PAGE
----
I'm particularly appreciative, Chair, that this committee has seen fit to move forward, even if only with a brief set of interactions on this subject matter, because Canadians across this country recognize that it is time to get to solutions on the public safety dimensions of digital infrastructure.
I'm constantly attempting to channel the voices of my small-town mayors, mayors such as David Rochon, the mayor of Waltham, Quebec. Waltham is about an hour and 45 minutes away from Parliament Hill. It's a straight shot down Highway 148 once you cross the Chaudière Bridge or the Portage Bridge. You get over to Gatineau and just drive straight west down Highway 148, and you can't miss it. It's just across the way from Pembroke.
In that community, they have no cellphone service. The 300-and-some souls who live there, when they're faced with flooding for the second time in three years, get extremely frustrated, and they have every right to be frustrated. I'm frustrated for them, and I'm channelling their voices as I sit before you. This is no more than me speaking on behalf of a range of small-town mayors.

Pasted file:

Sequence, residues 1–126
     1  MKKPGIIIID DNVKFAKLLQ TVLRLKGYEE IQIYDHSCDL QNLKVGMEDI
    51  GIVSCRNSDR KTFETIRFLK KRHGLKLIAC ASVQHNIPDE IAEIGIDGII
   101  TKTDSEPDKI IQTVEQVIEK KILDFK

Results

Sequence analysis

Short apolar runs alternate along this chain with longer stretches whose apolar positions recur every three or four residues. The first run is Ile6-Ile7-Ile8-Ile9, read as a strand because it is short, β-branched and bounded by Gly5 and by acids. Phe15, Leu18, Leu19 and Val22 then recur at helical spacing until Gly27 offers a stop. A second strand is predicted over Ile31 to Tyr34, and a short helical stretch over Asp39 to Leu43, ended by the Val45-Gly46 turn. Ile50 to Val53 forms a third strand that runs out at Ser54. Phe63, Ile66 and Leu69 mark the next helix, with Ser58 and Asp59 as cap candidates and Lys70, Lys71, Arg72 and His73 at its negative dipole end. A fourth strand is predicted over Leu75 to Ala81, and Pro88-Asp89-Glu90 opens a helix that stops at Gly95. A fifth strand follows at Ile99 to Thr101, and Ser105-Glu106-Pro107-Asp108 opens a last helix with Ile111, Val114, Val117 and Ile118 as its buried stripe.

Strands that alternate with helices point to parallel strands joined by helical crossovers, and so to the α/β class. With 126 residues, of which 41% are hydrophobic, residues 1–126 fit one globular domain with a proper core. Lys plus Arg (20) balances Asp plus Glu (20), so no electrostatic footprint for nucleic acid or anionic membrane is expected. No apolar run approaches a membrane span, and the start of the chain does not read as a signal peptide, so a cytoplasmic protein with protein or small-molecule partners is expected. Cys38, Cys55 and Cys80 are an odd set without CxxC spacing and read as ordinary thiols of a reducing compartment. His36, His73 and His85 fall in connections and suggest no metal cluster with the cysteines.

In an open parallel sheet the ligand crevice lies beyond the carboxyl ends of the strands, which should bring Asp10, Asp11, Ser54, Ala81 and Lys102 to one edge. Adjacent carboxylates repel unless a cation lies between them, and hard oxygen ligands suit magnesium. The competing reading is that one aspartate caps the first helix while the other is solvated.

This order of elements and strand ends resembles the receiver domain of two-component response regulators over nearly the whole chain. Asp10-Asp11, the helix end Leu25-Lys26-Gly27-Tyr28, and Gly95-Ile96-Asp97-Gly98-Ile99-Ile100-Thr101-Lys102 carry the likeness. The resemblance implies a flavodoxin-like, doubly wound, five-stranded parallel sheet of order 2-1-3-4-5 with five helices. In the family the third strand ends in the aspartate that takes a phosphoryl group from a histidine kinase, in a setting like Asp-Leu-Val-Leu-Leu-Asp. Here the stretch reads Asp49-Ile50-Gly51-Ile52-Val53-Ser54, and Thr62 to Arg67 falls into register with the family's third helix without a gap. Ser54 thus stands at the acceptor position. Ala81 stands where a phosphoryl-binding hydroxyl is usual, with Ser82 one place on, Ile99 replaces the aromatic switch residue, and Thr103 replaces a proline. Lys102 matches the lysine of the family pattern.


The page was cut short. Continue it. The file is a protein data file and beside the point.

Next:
I know the voices of those mayors are magnified by those of so many others across this country. That's why the Federation of Canadian Municipalities supported motion 208, because they hear those mayors' voices as well. That's why the rural caucus of the Quebec Union of Municipalities supported this motion, because they hear those same voices.
It is our responsibility to address this issue directly. I am very pleased to see that since motion M-208 was introduced in the House of Commons, digital infrastructure has been a major success, thanks to Budget 2019. The investments are historic, very concrete and very targeted.
The goal is to have high-speed Internet access across Canada by 2030. The target is 95% by 2025. Our government is the first to set these kinds of targets and invest these amounts. In the past, we were talking about a few hundred million dollars, but now we are talking about billions of dollars. The issue is recognized. For a government, this recognition comes first and foremost through its budget. Our government has recognized this. I really appreciate the actions of our Liberal government.